Sometimes cattle wander on to the field and cause delays. That's what happens when your football field is located in the heart of the Navajo Reservation with not much more than a health center and a church nearby.
This is a spot where the scenery is bound to be better than the football, and that's not necessarily a knock on the football.
Ratliff Stadium (Odessa, Texas)
Ratliff Stadium was featured in Friday Night Lights as home of the Permian Panthers, and it is home to Odessa High School as well.
With the dedication of Texas football fans, Ratliff does not have trouble selling out its capacity of about 19,500 with standing room.
The stadium is wired for television, and all games are rebroadcast locally on Sundays.
Former Cowboys wide receiver Roy Williams was an All-State player for Permian in 1998 and 1999.
Roosevelt Stadium (Union City, N.J.)
You have to get creative when building a football stadium in the most densely populated city in the country. Located in Union City, N.J., Roosevelt Stadium is situated on the roof of Union City High School.
The stadium cost $15 million to complete and includes 40-foot tall nets behind the end zones to catch field goals and errant passes. The urban location offers views of the New York City skyline across the Hudson River.
Round Valley Ensphere (Eagar, Ariz.)
Built in 1991, Round Valley Ensphere remains the only domed high school football stadium in the United States. The stadium cost $11 million to construct and has been the home to Round Valley High School for 25 years.
The dome is the first of its kind to be fully day lighted, allowing light and heat to enter.
Round Valley Ensphere is closed for the time being after sustaining water damage in 2015.
San Angelo Stadium (San Angelo, Texas)
San Angelo Stadium was such a marvel when it was built that a picture of the bowl was on display at the Museum of Modern Art in New York during the 1960s as “an outstanding example of 20th century engineering.”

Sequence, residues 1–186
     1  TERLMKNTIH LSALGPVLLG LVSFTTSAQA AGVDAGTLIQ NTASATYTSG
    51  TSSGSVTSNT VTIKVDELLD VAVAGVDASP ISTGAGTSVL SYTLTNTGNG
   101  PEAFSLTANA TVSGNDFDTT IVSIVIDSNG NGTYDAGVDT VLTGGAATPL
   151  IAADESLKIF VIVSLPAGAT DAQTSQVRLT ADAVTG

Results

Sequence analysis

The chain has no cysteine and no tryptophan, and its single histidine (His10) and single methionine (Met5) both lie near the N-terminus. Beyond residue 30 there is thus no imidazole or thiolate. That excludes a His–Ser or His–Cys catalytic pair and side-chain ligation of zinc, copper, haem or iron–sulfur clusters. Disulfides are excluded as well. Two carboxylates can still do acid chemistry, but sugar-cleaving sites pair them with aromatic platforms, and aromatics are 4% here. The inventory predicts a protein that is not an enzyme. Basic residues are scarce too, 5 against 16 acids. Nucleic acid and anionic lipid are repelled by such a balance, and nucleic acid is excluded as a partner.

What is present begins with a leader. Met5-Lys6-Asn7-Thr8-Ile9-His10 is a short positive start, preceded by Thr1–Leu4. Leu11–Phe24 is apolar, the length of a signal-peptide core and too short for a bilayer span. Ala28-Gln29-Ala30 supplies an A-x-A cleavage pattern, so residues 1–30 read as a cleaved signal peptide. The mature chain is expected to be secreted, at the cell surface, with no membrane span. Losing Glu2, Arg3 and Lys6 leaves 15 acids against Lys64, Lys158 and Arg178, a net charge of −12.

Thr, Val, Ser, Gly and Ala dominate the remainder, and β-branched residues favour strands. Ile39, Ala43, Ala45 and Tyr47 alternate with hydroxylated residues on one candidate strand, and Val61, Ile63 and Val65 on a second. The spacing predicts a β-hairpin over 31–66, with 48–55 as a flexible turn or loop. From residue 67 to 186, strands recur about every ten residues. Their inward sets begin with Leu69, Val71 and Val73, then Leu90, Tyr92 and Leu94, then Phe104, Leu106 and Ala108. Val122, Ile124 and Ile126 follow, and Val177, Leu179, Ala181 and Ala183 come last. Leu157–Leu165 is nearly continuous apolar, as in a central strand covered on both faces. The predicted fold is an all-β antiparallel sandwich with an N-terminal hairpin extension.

Home to two local high schools, Central and Lake View, it is the fourth-largest high school football stadium in Texas with a capacity of 17,500. The stadium received a new artificial turf playing surface and expanded scoreboard in 2003 and new locker rooms, weight and training rooms and office space in 2010.
Stadium Bowl (Tacoma, Wash.)
Originally built in 1910 with a beautiful view of Commencement Bay and the Puget Sound, the Stadium Bowl is one of the oldest high school football venues around. The original stadium seated 32,000 but has since had its capacity reduced to 15,000.
It was also the site of Heath Ledger singing Frankie Valli's “Can't Take My Eyes Off” in the 1999 romantic comedy 10 Things I Hate About You.
The Stadium Bowl closed temporarily last October after extensive flooding.
Sue D. Cooley Stadium (Lahaina, Hawaii)
Located in the West Maui Mountains, the football field at Lahainaluna High School overlooks the Pacific Ocean. Lahainaluna High is the oldest public high school west of the Mississippi River but did not have its own home field until 2015.
Sue D. Cooley contributed nearly 80 percent of the $9 million construction cost, and the school named the field in her honor.
Washington High School Stadium (San Francisco, Calif.)
Since 1940, George Washington High School's football field has overlooked the Golden Gate Bridge. There is also a 2,500-square foot frieze with artwork of ancient and modern Olympic sports and quotes from philosophers.